Friday, September 15, 2006

McDonald, Ian. River of gods. London: Simon & Schuster, 2004. 575pp.

This is a big, fat, sprawling, panoramic novel set in India during its 100th anniversary of independance in 2047. As such, its immediately going to beg comparisons to Salman Rushdie's big, fat, sprawling, panaoramic novel of India's independance, Midnight's Children. Midnight's Children was about the children who were born the very instant of Indian independance in 1947 and the magical powers they grew up with, and how these powers reflected Indian society and history. It's a beautiful novel, one of the best fantasy novels ever written, bar none. It's amazing in its complex wordplay and intricate story, endlessly bizarre. At the same time it's funny, warm and human.

How does McDonald's River of Gods shape up? Not bad, actually. It's sf, of course, for a bit of a difference. It's not so much about India per se as it is about the impact of AI on society, focusing on India's impact on the world and the world's impact on India, rural and urban, old and new, history and future. Being sf, it's forward looking rather than Rushdie's focus on the past. On the other hand, McDonald's large cast of characters make the novel a bit too diffuse and confusing at times. It took me easily 150 pages to really get all the various characters and plot strands really straight in my head. As well, by the rather drawn-out finale, I had lost a bit of interest in the plot only perking up again at the very end. But, many of the characters were very vivid and many of the scenes and plot strands were terrifically executed.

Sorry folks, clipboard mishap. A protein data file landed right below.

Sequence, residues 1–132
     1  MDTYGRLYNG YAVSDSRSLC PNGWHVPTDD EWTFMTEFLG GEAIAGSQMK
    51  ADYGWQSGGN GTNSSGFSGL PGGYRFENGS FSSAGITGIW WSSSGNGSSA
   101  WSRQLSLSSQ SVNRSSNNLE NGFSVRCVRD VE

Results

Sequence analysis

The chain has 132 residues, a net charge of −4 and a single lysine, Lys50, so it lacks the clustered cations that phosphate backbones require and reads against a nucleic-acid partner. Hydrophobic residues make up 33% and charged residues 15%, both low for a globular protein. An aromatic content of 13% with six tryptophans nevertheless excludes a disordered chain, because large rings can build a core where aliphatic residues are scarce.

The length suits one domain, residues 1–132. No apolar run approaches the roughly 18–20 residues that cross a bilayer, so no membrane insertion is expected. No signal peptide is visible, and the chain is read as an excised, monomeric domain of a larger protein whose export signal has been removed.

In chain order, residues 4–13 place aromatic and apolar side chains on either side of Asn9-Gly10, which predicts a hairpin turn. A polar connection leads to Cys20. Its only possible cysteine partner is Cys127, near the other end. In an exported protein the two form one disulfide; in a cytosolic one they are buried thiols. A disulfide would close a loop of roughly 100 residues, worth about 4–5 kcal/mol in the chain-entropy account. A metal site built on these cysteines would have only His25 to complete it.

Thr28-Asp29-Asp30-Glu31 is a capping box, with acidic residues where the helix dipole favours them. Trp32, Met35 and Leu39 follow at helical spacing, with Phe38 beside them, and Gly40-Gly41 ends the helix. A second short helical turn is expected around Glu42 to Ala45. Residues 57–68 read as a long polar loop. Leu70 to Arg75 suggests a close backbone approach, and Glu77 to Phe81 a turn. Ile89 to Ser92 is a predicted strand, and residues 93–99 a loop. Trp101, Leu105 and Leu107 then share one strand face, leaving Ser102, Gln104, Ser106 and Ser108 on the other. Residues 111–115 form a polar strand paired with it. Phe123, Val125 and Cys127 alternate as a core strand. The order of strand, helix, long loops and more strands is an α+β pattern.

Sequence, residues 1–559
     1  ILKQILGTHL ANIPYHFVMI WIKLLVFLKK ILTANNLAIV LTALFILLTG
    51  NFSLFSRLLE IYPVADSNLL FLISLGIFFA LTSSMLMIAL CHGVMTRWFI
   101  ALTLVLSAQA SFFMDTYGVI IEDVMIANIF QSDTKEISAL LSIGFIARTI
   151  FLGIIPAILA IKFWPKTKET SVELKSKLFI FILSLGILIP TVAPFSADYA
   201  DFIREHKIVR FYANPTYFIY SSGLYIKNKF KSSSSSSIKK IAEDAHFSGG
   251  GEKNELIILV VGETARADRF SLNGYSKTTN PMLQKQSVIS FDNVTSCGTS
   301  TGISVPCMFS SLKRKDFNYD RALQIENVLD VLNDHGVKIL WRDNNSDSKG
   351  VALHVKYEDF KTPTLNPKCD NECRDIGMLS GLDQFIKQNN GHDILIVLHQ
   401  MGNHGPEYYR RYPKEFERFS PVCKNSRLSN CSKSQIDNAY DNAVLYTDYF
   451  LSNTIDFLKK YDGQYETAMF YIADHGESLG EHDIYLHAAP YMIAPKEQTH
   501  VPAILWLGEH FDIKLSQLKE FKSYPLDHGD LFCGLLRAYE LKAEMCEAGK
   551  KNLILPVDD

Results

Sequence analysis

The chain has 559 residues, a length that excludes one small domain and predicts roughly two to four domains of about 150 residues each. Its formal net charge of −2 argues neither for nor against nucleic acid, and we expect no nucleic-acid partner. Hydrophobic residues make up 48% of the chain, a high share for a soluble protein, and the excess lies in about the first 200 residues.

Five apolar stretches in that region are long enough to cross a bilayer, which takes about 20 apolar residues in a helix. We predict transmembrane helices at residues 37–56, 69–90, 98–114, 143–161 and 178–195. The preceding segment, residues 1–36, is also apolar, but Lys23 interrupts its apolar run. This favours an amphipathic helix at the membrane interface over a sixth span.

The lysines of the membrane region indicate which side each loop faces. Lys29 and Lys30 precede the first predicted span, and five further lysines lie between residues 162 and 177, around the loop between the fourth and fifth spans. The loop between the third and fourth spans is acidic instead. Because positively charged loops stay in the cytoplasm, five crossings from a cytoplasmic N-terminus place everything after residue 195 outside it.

On balance, this novel isn't as good as I'd hoped, it doesn't quite pull off some of its ambitious goals. But it is still highly recommended for a couple of reasons. When McDonald is hitting on all cylinders, the novel is terrific; it's always exhilarating to see someone reach for the sky, even if he doesn't quite make it. Equally important, sf often ignores non-western societies and this novel very believably gives us a future India; if nothing else, we need to thank Ian McDonald for pushing the envelope a bit.

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